“The department of defense is a sinecure, a massive, unfathomable, black hole for taxpayer dollars that has never been, and perhaps never can be, plumbed to its hellish depths.”
If Chuck Hagel really were qualified to be Secretary of Defense, and if he had the insight and courage necessary for the job, he’d have begun his testimony before the Senate with those words, or words very much like them.
He did not.
He did not either because he does not know the truth about the DOD or, if he does know it, he does not have the moral fortitude and common sense to speak that truth. Both failures are disqualifying.
The DOD put the “sin” in sinecure, and is the greatest, most expansive, and expensive example of it in human history. The DOD is irrefutable evidence that the fog of war breeds the fog of war accounting, which no auditor, or army of auditors (much less the Army’s auditors) can bring to light. Knowing that, Hagel ought to say that he will do the next best thing possible: He himself will go through DOD expenses and requests line-by-line and eliminate everything not directly related to maintaining, deploying, and protecting our fighting forces on the ground, on the seas, or in the air. Whatever does not do that gets axed, period.
Pentagon-run grocery stores do not do it. Axing them saves 9 billion a year. Eliminating non-military research saves 6 billion. Educating military children on bases in the US: costs almost 11 billion. Research in global warming does not do it. Cutting back on that saves us another billion dollars a year. I’m an ex-Marine. I know the importance of the Marine Corps blues and greens, which are uniforms of great distinction. Marine Corps greens are a world away from greens in the Marines. We need the former, not the latter. You get the picture.
But my point is not about Chuck Hagel. My point is about the DOD, which does to expenses what the CERN lab in Geneva does to particles–it accelerates them almost beyond human imagination. Or, to maintain the scientific analogy, the DOD is a massive black hole from which not even light itself can emerge, much less taxpayer money.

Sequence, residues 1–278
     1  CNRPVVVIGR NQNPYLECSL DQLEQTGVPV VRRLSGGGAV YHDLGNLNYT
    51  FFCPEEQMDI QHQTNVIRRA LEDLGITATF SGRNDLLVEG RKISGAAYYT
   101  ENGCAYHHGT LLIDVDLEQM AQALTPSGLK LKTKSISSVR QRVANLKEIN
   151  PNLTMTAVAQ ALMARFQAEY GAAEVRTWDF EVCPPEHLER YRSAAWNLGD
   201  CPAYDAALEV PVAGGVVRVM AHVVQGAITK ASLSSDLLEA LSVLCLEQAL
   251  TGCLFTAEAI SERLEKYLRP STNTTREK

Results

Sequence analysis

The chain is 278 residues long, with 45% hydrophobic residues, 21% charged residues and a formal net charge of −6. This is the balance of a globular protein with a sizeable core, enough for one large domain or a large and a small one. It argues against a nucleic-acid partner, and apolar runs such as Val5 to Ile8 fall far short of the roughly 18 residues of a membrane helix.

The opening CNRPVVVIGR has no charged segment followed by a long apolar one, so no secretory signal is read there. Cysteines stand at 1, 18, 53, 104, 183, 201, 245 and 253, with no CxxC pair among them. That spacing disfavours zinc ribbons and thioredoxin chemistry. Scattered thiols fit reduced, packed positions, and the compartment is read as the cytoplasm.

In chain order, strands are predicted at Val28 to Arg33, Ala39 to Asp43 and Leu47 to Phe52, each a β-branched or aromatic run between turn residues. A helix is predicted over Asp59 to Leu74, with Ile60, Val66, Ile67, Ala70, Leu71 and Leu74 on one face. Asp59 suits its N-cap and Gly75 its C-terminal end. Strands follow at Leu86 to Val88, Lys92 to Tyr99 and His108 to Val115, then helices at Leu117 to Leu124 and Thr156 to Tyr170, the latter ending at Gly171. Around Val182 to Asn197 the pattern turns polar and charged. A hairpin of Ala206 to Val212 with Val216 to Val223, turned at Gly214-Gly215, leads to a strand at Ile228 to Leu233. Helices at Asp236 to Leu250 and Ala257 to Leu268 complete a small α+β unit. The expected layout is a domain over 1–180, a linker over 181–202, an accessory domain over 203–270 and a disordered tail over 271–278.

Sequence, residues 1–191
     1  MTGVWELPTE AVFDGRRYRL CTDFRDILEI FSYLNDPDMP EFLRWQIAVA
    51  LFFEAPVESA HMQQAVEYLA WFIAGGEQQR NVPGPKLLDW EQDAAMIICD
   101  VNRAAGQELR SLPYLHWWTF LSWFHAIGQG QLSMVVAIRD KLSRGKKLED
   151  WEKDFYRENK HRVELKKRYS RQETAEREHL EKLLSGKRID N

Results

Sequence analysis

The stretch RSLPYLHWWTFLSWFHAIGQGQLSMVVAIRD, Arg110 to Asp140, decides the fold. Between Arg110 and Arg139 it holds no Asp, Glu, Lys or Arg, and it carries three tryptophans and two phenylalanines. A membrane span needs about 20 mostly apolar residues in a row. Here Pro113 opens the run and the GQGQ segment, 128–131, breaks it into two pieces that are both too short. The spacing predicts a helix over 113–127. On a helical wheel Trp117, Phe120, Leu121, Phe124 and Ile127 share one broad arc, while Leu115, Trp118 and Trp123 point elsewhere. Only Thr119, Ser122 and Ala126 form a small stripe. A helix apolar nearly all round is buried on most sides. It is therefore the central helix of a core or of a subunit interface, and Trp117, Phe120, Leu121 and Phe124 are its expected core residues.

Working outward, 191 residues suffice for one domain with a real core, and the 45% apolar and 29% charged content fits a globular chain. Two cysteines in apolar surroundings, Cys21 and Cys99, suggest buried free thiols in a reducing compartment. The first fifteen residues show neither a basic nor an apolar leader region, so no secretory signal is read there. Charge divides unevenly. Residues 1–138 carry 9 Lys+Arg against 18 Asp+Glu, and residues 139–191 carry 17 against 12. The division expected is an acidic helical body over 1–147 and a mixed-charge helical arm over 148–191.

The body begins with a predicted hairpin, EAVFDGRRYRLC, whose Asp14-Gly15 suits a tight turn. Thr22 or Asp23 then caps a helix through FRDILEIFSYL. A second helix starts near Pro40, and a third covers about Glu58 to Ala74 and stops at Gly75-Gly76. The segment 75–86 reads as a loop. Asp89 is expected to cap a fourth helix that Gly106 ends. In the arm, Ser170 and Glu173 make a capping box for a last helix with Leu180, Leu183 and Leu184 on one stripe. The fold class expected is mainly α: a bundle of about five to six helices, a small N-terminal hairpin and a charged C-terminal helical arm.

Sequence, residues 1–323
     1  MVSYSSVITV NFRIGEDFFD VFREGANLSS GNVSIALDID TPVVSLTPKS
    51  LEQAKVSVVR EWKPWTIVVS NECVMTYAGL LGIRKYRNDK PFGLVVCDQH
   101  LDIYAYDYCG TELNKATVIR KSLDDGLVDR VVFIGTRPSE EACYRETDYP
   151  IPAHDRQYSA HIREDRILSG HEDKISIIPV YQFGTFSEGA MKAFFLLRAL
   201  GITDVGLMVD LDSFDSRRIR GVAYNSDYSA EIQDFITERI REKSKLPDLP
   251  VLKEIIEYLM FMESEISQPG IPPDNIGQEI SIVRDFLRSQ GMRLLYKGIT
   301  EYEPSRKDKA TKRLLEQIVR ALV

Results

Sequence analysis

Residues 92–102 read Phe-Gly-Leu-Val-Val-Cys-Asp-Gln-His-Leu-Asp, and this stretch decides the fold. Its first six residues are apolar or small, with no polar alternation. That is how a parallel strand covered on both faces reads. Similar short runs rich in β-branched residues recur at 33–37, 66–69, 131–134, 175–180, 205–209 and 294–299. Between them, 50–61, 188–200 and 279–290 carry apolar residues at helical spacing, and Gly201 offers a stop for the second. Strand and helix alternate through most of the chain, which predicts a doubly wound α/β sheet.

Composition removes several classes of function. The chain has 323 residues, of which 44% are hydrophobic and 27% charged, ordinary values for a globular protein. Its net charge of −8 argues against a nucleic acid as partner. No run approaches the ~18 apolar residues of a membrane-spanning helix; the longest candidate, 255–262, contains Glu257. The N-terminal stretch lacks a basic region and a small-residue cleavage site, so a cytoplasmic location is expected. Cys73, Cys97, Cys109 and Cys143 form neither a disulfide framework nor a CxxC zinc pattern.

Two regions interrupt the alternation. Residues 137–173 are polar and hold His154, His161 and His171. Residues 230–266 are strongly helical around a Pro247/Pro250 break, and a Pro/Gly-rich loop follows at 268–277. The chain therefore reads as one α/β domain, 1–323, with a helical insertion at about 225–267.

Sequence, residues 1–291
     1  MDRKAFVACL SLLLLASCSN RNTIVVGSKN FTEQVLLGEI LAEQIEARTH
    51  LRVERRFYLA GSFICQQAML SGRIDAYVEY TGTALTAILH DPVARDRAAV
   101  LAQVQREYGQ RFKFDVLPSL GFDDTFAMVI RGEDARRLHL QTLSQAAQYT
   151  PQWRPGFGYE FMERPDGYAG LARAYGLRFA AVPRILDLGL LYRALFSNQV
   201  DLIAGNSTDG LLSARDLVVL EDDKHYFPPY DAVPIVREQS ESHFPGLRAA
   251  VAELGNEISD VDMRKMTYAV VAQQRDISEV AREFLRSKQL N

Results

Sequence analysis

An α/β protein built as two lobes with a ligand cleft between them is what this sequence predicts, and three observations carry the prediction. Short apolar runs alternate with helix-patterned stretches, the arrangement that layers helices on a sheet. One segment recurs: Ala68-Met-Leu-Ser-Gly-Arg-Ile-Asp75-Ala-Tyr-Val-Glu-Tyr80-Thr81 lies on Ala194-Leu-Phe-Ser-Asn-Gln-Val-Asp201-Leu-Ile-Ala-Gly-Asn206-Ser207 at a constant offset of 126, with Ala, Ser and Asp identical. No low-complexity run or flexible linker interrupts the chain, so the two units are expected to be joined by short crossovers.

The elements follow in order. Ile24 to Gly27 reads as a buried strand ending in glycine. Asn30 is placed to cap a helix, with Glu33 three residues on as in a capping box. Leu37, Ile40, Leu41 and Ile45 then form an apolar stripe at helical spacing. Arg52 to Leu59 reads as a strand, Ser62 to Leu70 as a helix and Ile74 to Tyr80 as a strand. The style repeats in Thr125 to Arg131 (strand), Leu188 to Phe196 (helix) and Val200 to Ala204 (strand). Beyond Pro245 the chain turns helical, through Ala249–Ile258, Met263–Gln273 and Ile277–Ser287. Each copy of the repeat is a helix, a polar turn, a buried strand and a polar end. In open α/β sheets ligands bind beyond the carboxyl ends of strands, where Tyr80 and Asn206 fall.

It’s time to change the game.
You don’t change the game by leaving it in the hands of politicians who think their re-election hinges upon more pork for their constituents. You don’t change it by trusting it to career bureaucrats in the DOD, whose very livelihood depends upon continued or increased annual funding. You don’t even change it by appeal to the leftist greenies, who normally deplore the military-industrial complex, except now when its funding is their funding too.
Maybe the game is so far gone it can’t be changed. If it can’t, then Hagel should know it. But he didn’t say.
I think it’s basically an impossible mess. If it is as bad as it looks to me, I do not trust the folks who run government to fix it. They have the opposite of a Midas touch. It’s not that everything they touch turns to gold; it’s that everything they touch turns to garbage and costs a lot of gold.
Fix the DOD? We’ve been trying to fix baseball for years, ever since the designated hitter rule snaked its filthy way into just half of MLB. If you can’t fix something as elegantly simple as baseball, you can’t fix the most complicated and advanced system of national defense the world has known.
I don’t normally descend into a counsel of despair, but this time I’m dangerously close. It reminds me of the movie title, “No Way Out,” which, you’ll recall, was about the DOD.
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